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Business communication building critical skill 3rd by locker module 11

PPT
PPT

Module
Module 11
11
Negative
NegativeMessages
Messages

McGraw-Hill/Irwin

©2007, The McGraw-Hill Companies, All Rights


11-2

Negative
Negative Messages
Messages


♦To learn how to
 Give bad news while retaining
goodwill.
 Continue to write effective subject
lines.
 Organize negative messages.
 Write buffers.


11-3

Negative
Negative Messages
Messages

♦To learn how to
 Write common kinds of negative
messages.
 Continue to analyze business
communication situations.


11-4

Negative
Negative Messages
Messages
Start by answering these questions:
 What’s the best subject line for a
negative message?
 How should I organize negative
messages?
 When should I consider using a
buffer?


11-5

Negative
Negative Messages


Messages
Start by answering these questions:
 What are the most common kinds of
negative messages?
 How can PAIBOC help me write
negative messages?


11-6

Negative
Negative Messages
Messages Include
Include
♦Rejections and refusals.
♦Policy changes that don’t benefit
customers.
♦Insulting or intrusive requests.
♦Negative performance appraisals.
♦Product recalls.


11-7

Purposes
Purposes of
of Negative
Negative Messages
Messages
♦Primary Purposes
 To give the reader bad news.
 To have the reader read,
understand, and accept the
message.
 To maintain as much goodwill as
possible.


11-8

P
Purposes
urposes of
of Negative
Negative Messages
Messages
continued
continued

♦Secondary Purposes
 To build a good image of the writer.
 To build a good image of the writer’s
organization.
 To reduce or eliminate future
correspondence on the same subject.


11-9

For
For Bad
Bad News
News to
to Customers
Customers
♦Give the reason for the refusal
before the refusal itself when
readers will understand and
accept the reason.
♦Give the negative just once,
clearly.


For
For Bad
Bad News
News to
to Customers
Customers
continued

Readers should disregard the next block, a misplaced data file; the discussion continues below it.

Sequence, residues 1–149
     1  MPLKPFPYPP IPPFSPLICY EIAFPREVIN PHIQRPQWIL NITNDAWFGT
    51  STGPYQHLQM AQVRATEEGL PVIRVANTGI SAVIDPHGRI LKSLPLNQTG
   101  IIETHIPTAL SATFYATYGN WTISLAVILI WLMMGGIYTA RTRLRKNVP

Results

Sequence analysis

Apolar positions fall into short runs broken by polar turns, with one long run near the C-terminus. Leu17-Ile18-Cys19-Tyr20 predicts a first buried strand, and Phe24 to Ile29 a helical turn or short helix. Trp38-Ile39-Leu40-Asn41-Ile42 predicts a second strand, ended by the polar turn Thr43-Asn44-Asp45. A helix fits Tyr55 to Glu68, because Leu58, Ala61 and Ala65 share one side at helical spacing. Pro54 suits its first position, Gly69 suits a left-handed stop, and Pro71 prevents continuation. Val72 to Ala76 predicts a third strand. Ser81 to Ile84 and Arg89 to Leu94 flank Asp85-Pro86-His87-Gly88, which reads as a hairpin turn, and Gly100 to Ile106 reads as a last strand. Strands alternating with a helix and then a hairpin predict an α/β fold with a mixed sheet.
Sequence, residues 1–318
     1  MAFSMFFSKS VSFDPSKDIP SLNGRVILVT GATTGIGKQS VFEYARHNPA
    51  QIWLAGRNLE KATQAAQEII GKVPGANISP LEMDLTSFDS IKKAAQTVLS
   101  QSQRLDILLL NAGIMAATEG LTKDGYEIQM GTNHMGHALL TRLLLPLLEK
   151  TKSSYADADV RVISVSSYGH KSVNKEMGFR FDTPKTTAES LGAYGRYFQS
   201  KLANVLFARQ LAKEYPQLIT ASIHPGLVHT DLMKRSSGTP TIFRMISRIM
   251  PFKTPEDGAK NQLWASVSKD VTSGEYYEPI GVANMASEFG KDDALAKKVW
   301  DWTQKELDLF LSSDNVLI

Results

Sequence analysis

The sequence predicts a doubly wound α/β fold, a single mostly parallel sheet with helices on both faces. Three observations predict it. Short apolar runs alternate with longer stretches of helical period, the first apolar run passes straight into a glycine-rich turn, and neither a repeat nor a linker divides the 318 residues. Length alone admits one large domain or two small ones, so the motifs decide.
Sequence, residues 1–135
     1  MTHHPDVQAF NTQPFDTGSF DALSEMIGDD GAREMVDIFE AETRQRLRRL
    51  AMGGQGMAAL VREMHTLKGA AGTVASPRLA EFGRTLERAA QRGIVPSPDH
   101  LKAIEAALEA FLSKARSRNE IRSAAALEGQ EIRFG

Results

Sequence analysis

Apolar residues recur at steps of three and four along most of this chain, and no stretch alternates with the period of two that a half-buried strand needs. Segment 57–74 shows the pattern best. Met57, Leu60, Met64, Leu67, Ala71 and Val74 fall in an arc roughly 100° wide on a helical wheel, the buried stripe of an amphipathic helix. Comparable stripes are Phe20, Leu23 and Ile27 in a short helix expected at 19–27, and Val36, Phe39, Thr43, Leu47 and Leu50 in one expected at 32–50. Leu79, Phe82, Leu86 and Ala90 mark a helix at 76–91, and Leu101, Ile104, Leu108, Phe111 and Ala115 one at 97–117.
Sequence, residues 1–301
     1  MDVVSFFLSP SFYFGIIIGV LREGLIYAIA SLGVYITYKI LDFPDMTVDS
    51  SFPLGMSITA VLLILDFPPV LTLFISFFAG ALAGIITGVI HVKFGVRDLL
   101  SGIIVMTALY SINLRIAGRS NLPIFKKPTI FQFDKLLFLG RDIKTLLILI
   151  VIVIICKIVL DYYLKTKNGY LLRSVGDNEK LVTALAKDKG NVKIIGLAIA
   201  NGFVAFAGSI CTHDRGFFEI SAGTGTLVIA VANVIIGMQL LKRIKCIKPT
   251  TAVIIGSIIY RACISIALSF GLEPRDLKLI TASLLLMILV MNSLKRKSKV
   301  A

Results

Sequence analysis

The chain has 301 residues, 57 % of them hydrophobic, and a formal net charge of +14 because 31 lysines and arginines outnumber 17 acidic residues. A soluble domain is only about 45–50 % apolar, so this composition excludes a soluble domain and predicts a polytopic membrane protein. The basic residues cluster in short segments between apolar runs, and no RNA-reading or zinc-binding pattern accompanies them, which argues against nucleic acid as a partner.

continued

♦Present an
alternative or
compromise, if one
is available.
♦End with a
positive, forwardlooking statement.

1110


1111

Alternatives
Alternatives
♦Offer the reader another way to
get what’s wanted.
♦Suggest the writer really cares
about the reader.
♦Enable the reader to reestablish
psychological freedom.
♦Allow you to end on a positive
note.


1112

For
For Bad
Bad News
News to
to Superiors
Superiors
♦Describe the problem.
♦Tell how it happened.
♦Describe the options
for fixing it.
♦Recommend a
solution and ask for
action.


1113

For
For Bad
Bad News
News to
to Subordinates
Subordinates
♦Describe the problem.
♦If possible, ask for
input or action.
♦Present an alternative
or compromise, if one
is available.


Influences
Influences on
on Audience
Audience
Reaction
Reaction
♦Do you and the readers have a
good relationship?
♦Does the organization treat people
well?
♦Have readers been warned of
possible negatives?

1114


Influences
Influences on
on Audience
Audience
Reaction
Reaction continued
continued
♦Have readers “bought into” the
criteria for the decision?
♦Do communications after the
negative build goodwill?

1115


1116

Types
Types of
of Buffers
Buffers
♦Start with any good news or positive
elements the letter contains.
♦State a fact or provide a chronology
of events.
♦Refer to enclosures in the letter.
♦Thank the reader for something he
or she has done.
♦State a general principle.


Three
Three Difficult
Difficult Negative
Negative
Messages
Messages
♦Rejections and Refusals
♦Disciplinary Notices and Negative
Performance Appraisals
♦Layoffs and Firings

1117



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